Formative assessment involves assessing learners’ learning during the learning process, not only at the end. Formative assessments can occur at one point in a unit of work or during a lesson. This type of evaluation helps the student identify their strengths and weaknesses right away. Areas that need improvement are evident instantly.
- Allows instructors to adjust their teaching if learners are not quite up to where you expected, or if they are exceeding your expectations.
- Learners get feedback on their progress before the summative assessment, allowing them to adjust.
- Provides the instructor with a better understanding of their learners. If a learner fails a summative assessment but the instructor knows the learner could complete the task at the formative stage, more investigation can take place to see why there is a discrepancy in academic performance.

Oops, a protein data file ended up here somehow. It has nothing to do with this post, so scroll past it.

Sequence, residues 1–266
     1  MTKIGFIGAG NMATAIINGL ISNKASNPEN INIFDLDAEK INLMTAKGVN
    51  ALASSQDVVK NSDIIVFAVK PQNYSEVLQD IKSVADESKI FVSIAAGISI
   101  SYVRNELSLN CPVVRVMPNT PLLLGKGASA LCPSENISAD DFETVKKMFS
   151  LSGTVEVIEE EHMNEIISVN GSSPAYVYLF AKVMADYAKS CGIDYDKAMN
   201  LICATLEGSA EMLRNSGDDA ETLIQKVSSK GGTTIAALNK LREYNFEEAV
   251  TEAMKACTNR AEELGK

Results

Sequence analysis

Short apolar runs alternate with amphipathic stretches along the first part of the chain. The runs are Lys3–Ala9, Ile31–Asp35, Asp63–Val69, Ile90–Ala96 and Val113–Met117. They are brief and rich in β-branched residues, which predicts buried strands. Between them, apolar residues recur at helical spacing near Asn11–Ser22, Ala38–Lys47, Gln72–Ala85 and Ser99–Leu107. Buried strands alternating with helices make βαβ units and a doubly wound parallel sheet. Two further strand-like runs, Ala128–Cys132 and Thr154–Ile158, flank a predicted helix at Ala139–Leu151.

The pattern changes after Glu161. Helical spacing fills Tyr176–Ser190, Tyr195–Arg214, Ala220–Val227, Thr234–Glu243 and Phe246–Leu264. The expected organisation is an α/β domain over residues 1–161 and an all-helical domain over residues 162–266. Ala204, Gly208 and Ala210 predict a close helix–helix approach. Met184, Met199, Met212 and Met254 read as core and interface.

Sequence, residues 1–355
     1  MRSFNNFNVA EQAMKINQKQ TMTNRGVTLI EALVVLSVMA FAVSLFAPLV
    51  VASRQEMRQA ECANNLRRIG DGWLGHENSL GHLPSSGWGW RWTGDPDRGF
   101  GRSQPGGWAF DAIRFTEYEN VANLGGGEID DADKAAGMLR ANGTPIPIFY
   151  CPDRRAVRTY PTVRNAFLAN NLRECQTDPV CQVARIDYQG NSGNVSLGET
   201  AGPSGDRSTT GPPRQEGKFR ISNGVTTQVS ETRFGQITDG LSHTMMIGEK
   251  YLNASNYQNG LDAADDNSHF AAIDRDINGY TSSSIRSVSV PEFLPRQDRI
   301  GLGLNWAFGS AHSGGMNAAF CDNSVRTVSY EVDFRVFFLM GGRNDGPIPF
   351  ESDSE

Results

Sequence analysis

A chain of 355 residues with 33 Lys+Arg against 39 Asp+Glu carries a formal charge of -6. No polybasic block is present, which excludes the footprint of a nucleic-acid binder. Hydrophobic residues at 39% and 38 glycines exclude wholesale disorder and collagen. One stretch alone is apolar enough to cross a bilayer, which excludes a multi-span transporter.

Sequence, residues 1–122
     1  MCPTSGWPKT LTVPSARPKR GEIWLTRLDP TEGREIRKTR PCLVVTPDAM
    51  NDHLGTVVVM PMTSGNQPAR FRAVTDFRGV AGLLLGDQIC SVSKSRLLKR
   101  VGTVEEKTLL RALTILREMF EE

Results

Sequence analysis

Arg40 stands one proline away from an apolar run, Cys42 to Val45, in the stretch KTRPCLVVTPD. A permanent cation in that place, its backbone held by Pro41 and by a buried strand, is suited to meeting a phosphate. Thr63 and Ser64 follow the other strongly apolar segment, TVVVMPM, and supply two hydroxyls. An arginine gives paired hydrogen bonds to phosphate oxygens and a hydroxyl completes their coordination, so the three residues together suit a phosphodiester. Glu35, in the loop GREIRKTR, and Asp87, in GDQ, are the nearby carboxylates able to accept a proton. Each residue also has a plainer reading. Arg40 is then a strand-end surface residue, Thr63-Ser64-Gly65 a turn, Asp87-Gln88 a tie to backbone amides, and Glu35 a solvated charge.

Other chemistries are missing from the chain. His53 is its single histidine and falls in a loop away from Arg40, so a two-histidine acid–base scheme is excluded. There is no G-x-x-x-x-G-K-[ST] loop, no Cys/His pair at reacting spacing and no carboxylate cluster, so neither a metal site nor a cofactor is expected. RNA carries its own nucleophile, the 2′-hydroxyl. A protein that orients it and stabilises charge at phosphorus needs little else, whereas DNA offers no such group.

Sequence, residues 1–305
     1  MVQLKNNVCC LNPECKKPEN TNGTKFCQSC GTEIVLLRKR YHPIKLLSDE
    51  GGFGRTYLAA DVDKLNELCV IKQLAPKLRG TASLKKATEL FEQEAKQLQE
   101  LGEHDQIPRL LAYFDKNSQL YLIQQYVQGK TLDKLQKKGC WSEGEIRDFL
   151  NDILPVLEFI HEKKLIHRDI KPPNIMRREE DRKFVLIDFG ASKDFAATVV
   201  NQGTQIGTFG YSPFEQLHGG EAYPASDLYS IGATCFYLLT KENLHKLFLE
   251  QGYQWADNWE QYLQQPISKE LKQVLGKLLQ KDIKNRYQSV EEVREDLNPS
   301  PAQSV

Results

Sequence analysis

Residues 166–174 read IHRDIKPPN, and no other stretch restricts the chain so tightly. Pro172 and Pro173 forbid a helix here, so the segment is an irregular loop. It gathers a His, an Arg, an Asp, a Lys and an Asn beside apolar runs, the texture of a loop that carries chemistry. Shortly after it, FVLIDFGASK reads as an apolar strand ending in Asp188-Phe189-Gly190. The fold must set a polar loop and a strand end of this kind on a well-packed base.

- Can be time-consuming to assess learners’ abilities continually.
- Formative assessments habitually lack the authority of summative assessment pieces.
- Formative assessments can be stops to get feedback and ongoing questioning of learners.
- Use open-ended questions and check your learners’ understanding of the task.
- Use guided or independent practice, pop quizzes, or learner-instructor conferences.
- Use a quick game to gauge understanding. You can have learners sketch a concept map; quiz a neighbor with five questions; complete a 3-2-1 activity after class where they write three things they learned, two things they want to learn, and one question they have; older learners can summarize what was discovered in a 140-character “tweet.”
- Provide an entrance or exit ticket when the learners answer a question about the lesson.
- Provide a physical or digital place where learners can send questions on the current topic.
- Write a one-minute paper responding to the essential idea of the day, something that was perplexing, something they think may be on the exam, an aha or surprising thought.